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Mad Men or Math Men - @timsuther presentation, #cxp11

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Mad Men or Math Men - @timsuther presentation, #cxp11



The vision of advertising driven by savvy “experts” and their big ideas appears as a romantic memory. Increased consumer expectations, forged in yesterday’s mass media world, eclipse the ...

The vision of advertising driven by savvy “experts” and their big ideas appears as a romantic memory. Increased consumer expectations, forged in yesterday’s mass media world, eclipse the capacity to artfully deliver results. The digitally connected world we find ourselves in brings new media, communications channels, and technology . . . to embrace, not to fear.

Join this engaging conversation to examine how trends in consumer expectations are increasingly matched to trends in media and technology innovation. Culminating in a case study presented by Nick Primola, SVP Citizens Bank, we examine how mathematics and technology are leveraged to define situational success as customers experience the brand, rather than situation comedy.



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Mad Men or Math Men - @timsuther presentation, #cxp11 Presentation Transcript

  • 1. MAD MEN OR MATH MENredefining CUSTOMER EXPERIENCE IN a connected worldTim SutherChief Marketing Officer, ACXIOMFORRESTER CUSTOMER EXPERIENCE FORUM JUNE 2011 ®
  • 2. CONSUMERS ARE BOSSChoosing when, where, how and if they engage with your brand 687M 500B Facebook users 1 C2C conversations/yr 2 253M 45B Twitter unique visitors 3 Indexed Web pages 4 5.3B 14B Mobile handsets/tablets 5 Mobile apps downloaded 6Sources – 1 Mary Meeker, KPBC, Feb 2011 – 2 Forrester 2010 – 3 Mary Meeker, KPBC, Feb 2011 – 4 worldwidewebsize.com – 5 mobiThinking, June 2011 – 6 mobiThinking, June 2011 2
  • 3. THE END IS NEAR NEAR…For mad men $112 billion advertising wastedSources – What Sticks 3
  • 4. THE END IS NEAR NEAR…For mad men -21% NPS 21% 4
  • 5. THE END IS NEAR NEAR…For mad men 27% feel more valued 44% had negative experienceSources – Wakefield Research / ACI Worldwide 5
  • 6. THE END IS NEAR NEAR…For mad men Most commonly associated word with advertising advertising…. FALSESources – Nielsen 6
  • 7. MANY ARE DELUSIONALSources – Accenture
  • 8. MANY ARE DELUSIONAL Just 8 % of their customers agree gSource ‐ Bain
  • 9. MANY LACK PROPER INSIGHT & FOCUS2Forrester Research
  • 10. THE RISE OF MATH MEN What capabilities are needed?15-30% improvement opportunity f most companies % for 10
  • 11. THE RISE OF MATH MENSample results3.5x3 5x improved acquisition performance2x website conversion$4 5 4.5 million/yr illi / call center savings10% revenue increase
  • 12. THE RISE OF MATH MENTakeaways for a connected world Your insight…EVERYWHERE. BEWARE false signals. signals “PIL” EXPERIENCES personalized personalized, integrated & longitudinal. 4 INTERRELATED CAPABILITIES drive high performance performance. 12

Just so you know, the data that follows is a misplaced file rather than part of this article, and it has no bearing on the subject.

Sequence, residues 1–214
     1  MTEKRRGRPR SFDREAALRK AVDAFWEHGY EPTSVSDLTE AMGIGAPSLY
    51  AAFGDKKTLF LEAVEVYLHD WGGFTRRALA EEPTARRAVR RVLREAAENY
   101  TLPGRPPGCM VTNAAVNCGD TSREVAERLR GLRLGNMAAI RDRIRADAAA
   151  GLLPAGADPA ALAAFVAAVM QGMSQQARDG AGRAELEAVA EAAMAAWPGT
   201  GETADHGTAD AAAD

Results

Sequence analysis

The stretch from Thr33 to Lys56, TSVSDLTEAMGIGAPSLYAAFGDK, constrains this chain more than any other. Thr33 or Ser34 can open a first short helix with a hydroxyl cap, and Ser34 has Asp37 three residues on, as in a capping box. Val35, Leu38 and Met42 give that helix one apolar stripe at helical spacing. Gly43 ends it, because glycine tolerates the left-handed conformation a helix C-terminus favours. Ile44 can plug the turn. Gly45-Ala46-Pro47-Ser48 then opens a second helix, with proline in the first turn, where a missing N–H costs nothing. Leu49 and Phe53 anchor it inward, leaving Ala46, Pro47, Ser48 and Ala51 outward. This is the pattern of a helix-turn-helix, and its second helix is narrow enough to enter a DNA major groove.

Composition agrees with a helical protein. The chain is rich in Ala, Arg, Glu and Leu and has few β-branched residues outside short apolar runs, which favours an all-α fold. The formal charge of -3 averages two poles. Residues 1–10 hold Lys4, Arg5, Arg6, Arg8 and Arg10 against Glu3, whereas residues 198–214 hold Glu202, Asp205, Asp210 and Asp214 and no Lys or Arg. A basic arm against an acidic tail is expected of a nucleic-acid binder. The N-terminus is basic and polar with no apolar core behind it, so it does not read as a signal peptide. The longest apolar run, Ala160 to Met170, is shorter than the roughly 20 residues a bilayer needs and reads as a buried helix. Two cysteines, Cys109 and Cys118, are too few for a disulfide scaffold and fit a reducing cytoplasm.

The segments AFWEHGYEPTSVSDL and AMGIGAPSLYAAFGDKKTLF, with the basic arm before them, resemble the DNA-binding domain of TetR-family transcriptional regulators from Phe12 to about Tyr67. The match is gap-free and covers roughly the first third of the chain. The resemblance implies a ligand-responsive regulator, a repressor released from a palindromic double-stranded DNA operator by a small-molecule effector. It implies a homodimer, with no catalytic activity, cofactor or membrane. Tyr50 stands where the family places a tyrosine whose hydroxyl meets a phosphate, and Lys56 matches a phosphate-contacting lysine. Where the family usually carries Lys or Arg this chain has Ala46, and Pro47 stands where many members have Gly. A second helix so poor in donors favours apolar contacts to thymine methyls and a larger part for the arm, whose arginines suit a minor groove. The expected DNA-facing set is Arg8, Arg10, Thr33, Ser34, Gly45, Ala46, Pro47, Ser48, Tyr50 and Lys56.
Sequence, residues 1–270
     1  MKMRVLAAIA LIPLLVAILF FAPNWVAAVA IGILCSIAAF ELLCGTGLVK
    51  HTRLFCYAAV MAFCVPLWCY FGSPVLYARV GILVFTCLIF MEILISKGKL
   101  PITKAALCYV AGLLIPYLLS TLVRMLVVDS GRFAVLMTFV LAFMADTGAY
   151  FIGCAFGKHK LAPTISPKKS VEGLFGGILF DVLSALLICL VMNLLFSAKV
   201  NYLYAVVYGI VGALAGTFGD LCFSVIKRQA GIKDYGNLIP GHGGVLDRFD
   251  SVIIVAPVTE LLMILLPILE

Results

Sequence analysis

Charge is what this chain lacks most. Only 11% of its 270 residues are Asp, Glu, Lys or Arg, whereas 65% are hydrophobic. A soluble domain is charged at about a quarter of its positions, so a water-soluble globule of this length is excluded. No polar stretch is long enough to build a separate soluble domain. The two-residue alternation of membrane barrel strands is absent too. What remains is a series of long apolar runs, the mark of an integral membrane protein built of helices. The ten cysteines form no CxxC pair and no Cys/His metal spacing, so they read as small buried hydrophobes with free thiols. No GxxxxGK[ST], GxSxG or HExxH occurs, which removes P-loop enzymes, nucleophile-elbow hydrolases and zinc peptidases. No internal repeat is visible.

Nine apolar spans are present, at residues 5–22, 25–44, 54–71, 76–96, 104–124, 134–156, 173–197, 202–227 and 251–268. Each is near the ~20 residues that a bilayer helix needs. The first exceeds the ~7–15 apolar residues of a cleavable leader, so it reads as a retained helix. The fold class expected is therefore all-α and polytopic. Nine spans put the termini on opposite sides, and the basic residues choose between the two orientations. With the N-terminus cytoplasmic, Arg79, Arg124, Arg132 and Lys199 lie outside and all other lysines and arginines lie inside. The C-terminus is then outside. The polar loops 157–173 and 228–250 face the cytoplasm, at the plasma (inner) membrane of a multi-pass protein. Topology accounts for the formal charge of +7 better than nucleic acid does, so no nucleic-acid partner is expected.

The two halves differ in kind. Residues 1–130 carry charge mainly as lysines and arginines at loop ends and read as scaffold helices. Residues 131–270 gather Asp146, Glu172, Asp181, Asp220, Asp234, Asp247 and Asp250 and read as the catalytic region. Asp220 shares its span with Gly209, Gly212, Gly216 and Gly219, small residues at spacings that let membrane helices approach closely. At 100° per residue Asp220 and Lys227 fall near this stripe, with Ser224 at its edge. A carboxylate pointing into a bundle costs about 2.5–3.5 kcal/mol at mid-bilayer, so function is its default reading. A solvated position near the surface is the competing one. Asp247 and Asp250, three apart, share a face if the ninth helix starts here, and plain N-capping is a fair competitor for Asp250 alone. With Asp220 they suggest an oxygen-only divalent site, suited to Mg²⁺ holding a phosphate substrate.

• 13. THE RISE OF MATH MENThe right customer experience strategy Nick Primola Senior Vice President, Director of Direct Marketing at Citizens Financial Group 13
  • 14. About Citizens Financial Group• Operate as Citizens Bank and Charter One Bank• Owned by Royal Bank of Scotland Group• 1,480 branches• 30 acquisitions in 20 years• 23,000 employees• 12 state retail footprint 14
  • 15. Direct marketing contribution Direct Marketing Sales 15
  • 16. CRM Architecture Source: Bankingtechnologies.org 16
  • 17. Data Towers 17
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  • 28. Good Banking is Good Citizenship 28
  • 29. Good Banking is Good Citizenship g p 29
  • 30. Transaction-Focus: Product-Centric View 30
  • 31. Good Banking is Good Citizenship g p 31
  • 32. Our Value Proposition is Customer-Centric Marketing must deliver on this promise. g p Transparent and relevant dialog I trust the Bank Insight-driven personalized The Bank The The Bank puts Engage in channel ofcommunications knows me Customer me in control their choice The Bank values me Demonstrates knowledge of the relationship in every contact f th l ti hi i t t 32
  • 33. Insight-driven personalized The Bank TheThe Bank knows mecommunications knows me Customer 33
  • 34. Moving WeddingCollege Retirement R i 34
  • 35. Basic Value Segmentation Migrate to “Primary” Top Growth Relationships Opportunity tential ValuePot e Contact Focus on Opportunistically Retention CurrentValue 35
  • 36. Attitudinal View (Segmentation) Need for help from others Uncertain Segment 4 Segment 5 Accomplished XYZ’s XYZ Segment need Anxious segment My segment Segment Segment need needYesterday Tomorrow Segment Hopeful Next need segment segment Ambitious Experts Segment need Segment 12 Cautious Segment g Conservative Segment need S t d Don’t D ’t want h l t help 36
  • 37. Customer Transaction Data 37
  • 38. Response Models forBanking Needs Categories 38
  • 39. CustomerExperience 39
  • 40. Good Banking is Good Citizenship g p 40
  • 41. What’s ahead? 41
  • 42. Our view of the customer continues to become more clear Data repositories in silos “Technically” a complete Data-alignment across view of the customer. delivery points All data points are there, A whole view but not very A clear view that is actionable but not the connections. clear, may be inaccurate. 42 Images from ASU’s “Ask a Biologist” website: Insect vision
  • 43. Stakeholder alignment is keyEven when all stakeholdersare aligned toward one goalit sit’s still an incrediblycomplicated effort. Remember each piece is uniquely aligned to another 43
  • 44. Continue toevolve ability topredict behavior 44
  • 45. In SummaryGet to know what’s inside your black box: Wherecan you listen for a need and respond with asolution? l ti ?Demonstrate “Know Me”: Use your data to make yeach interaction relevant.Leverage your brand: Align data, systems andtechnology with your brand’s values 45
  • 46. Questions? 46